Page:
“Spin doctor” is a slang term describing a professional in the field of public relations (PR).

    36 Broadway revue featuring pop standards that won a 1997 Grammy : SMOKEY JOE’S CAFE (hiding “ESC”)

    “Smokey Joe’s Cafe” is a musical revue featuring songs by Jerry Lieber and Mike Stoller. The show ran for over 2,000 performances on Broadway, and is the longest-running musical revue in the history of Broadway. The list of 39 songs performed includes classics like “Searchin’”, “Charlie Brown”, “Pearl’s a Singer”, “Hound Dog”, “Love Potion No. 9”, “Jailhouse Rock”, “Spanish Harlem” and “Stand by Me”.

    43 CD-__ : ROM

    “CD-ROM” stands for “compact disc read only memory”. The name indicates that you can read information from the disc (like a standard music CD for example), but you cannot write to it. You can also buy a CD-RW, which stands for “compact disc – rewritable”, with which you can read data and also write over it multiple times using a suitable CD drive.

    46 __ wave : SINE

    A sine wave is a mathematical function that describes a simple, smooth, repetitive oscillation. The sine wave is found right throughout the natural world. Ocean waves, light waves and sound waves all have a sine wave pattern.

    47 Kitchenware brand : EKCO

    The EKCO brand of kitchenware dates back to 1888 when Edward Katzinger founded his company in Chicago to make baking pans. The acronym “EKCO” stands for “Edward Katzinger Co”.

    48 Classic novelty song involving wing-flapping imitations : THE CHICKEN DANCE (hiding “END”)

    The Chicken Dance is performed to an oom-pah tune, usually called “The Birdie Song”, that was composed in Switzerland in the fifties. A version of “The Birdie Song” was released in 1981 by the Tweets as a novelty tune and it became a surprising chart hit, and everyone started doing the Chicken Dance at dances right across the country.

    54 UFO pilots : ETS

    One might speculate that an unidentified flying object (UFO) is flown by an extraterrestrial (ET).

    55 Coupling device : YOKE

    A yoke is a wooden beam used between a pair of animals so that they are forced to work together.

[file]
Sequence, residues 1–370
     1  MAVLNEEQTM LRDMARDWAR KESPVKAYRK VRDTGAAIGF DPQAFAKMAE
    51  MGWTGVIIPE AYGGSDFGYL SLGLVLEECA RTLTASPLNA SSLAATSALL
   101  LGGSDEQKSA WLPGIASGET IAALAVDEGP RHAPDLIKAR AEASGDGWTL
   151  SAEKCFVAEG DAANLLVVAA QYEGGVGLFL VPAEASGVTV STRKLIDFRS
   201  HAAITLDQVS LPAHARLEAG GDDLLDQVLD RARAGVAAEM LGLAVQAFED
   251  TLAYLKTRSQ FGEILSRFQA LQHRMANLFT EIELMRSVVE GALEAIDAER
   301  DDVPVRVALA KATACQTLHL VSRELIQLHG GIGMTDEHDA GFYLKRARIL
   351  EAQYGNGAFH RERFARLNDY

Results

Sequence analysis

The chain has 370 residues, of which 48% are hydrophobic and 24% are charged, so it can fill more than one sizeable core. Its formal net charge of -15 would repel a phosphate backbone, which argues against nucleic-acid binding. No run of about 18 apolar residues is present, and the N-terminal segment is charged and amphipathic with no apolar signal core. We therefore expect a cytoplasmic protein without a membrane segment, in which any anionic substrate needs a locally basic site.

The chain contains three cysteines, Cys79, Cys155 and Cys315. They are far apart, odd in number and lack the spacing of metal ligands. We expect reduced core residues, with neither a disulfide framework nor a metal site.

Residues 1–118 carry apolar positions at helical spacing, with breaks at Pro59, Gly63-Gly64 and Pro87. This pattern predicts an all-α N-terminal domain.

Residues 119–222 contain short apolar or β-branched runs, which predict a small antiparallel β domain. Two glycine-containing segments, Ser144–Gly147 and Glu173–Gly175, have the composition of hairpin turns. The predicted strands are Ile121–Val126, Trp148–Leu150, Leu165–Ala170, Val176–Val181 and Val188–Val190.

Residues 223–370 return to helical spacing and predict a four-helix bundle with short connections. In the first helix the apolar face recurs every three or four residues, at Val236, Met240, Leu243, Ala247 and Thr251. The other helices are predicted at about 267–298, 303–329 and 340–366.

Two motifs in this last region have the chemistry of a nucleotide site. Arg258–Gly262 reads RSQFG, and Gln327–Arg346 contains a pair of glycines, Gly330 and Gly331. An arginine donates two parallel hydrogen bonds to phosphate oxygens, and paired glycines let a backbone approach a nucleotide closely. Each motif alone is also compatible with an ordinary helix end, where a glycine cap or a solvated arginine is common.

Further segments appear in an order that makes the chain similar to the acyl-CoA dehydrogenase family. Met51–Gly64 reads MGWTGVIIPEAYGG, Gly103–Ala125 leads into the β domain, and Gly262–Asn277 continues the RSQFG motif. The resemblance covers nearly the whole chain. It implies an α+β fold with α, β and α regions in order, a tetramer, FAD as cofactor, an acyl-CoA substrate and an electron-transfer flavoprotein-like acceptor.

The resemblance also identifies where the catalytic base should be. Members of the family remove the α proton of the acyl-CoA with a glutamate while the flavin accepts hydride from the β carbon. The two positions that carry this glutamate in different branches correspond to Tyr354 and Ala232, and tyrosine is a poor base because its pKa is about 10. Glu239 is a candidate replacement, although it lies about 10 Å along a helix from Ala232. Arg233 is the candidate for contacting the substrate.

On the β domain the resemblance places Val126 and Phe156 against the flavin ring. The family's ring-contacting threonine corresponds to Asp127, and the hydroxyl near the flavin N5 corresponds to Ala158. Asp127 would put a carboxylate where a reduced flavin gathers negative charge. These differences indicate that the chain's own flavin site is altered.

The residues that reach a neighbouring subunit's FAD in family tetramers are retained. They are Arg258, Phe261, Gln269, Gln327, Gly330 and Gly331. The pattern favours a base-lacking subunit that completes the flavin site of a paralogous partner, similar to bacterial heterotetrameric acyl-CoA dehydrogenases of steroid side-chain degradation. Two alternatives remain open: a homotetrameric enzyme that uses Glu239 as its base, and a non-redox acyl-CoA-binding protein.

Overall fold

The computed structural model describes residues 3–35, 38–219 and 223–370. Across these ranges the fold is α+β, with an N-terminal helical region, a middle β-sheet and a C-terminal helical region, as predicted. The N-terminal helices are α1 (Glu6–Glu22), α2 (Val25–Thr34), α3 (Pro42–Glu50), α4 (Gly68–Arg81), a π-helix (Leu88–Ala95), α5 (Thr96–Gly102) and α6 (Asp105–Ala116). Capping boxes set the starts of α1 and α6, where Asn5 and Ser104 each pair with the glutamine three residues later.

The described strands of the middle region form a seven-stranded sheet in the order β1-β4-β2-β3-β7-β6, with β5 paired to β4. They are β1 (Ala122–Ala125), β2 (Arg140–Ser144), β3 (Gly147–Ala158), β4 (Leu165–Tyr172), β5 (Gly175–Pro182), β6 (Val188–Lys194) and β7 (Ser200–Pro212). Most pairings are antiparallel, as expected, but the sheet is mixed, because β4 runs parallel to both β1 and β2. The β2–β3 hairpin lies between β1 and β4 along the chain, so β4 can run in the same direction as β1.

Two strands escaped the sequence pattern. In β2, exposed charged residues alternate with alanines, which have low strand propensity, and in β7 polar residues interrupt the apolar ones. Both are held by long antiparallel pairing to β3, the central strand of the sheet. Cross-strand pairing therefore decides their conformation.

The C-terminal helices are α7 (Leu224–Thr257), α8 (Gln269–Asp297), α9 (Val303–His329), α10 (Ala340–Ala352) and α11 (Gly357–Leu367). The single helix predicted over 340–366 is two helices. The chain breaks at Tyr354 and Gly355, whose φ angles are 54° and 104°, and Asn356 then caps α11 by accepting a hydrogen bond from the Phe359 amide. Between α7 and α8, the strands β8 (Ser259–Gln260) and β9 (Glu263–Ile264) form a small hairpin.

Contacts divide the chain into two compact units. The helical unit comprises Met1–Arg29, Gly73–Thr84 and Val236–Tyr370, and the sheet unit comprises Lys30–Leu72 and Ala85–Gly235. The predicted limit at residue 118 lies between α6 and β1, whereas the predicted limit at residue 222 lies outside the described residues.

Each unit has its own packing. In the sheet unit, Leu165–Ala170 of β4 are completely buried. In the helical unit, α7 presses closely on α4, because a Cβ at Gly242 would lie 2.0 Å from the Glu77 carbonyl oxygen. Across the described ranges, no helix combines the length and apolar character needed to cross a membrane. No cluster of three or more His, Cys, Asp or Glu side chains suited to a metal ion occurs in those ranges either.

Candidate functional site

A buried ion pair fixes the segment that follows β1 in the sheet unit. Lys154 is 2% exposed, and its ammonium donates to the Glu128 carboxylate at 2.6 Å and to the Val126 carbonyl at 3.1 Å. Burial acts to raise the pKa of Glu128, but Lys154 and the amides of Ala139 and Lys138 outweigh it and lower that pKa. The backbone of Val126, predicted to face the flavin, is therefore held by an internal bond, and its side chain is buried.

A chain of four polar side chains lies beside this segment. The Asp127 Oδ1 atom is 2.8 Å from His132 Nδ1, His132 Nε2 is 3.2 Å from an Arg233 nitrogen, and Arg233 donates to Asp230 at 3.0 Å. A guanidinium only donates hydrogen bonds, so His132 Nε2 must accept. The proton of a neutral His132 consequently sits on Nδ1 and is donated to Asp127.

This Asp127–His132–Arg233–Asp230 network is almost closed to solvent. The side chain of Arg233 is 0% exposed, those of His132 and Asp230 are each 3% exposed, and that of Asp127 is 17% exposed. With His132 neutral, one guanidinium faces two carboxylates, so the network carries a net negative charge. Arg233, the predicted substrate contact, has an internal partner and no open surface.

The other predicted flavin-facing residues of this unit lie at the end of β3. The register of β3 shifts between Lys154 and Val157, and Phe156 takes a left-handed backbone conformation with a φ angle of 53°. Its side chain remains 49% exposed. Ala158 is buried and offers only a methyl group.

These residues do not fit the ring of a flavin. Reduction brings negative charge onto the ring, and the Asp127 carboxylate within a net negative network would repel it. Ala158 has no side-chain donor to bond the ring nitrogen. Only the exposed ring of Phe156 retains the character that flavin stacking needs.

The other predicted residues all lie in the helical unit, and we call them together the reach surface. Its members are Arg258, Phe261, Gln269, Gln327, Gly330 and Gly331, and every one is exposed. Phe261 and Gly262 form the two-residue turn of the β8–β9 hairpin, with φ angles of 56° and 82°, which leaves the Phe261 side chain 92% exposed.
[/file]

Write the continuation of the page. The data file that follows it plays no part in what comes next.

56 Start of a counting rhyme : EENIE …

    Eeny, meeny, miny, moe,
    Catch the tiger/monkey/baby by the toe.
    If it hollers/screams let him go,
    Eeny, meeny, miny, moe, you are it!

    58 67, for Beethoven’s Fifth : OPUS

    Beethoven’s “Symphony No. 5” has one of the most recognizable openings in the whole of the classical repertoire, and comprises just four simpel notes. The work is sometimes referred to as the “Fate Symphony”, with that opening motif representing Fate knocking at the door.

    61 Burt’s Bees parent : CLOROX

    Burt’s Bees is a line of personal care products that uses natural ingredients with minimal processing. The company started out in 1984 as a partnership between two entrepreneurs making candles out of excess beeswax from hives owned by one of the partners. Today the company has over $250 million in sales and is a division of Clorox.

    65 Antitoxins : SERA

    Antivenom (also “antivenin”) is made by extracting venom from say a snake (so called “milking”) and then diluting it and injecting it into a host animal (like a cat, horse or sheep). The animal undergoes an immune response and produces antibodies to neutralize the poison. The antibodies are harvested from the animal’s blood and are stored for use with victims who are bitten by the same snake, or by some other creature that injects the same or a similar venom. I guess antivenom might also be called antiserum …

    66 “Today” rival, briefly : GMA

    “Good Morning America” (GMA) is ABC’s morning show, and has been since 1975. There was even a spin-off show called “Good Afternoon America”, although that only lasted for a few months in 2012.

    NBC’s “Today” show first aired way back in 1952 when it was the first “morning show” in the world. The first host of “Today” was Dave Garroway.

    70 Song played at Blues home games : MEET ME IN ST LOUIS (hiding “INS”)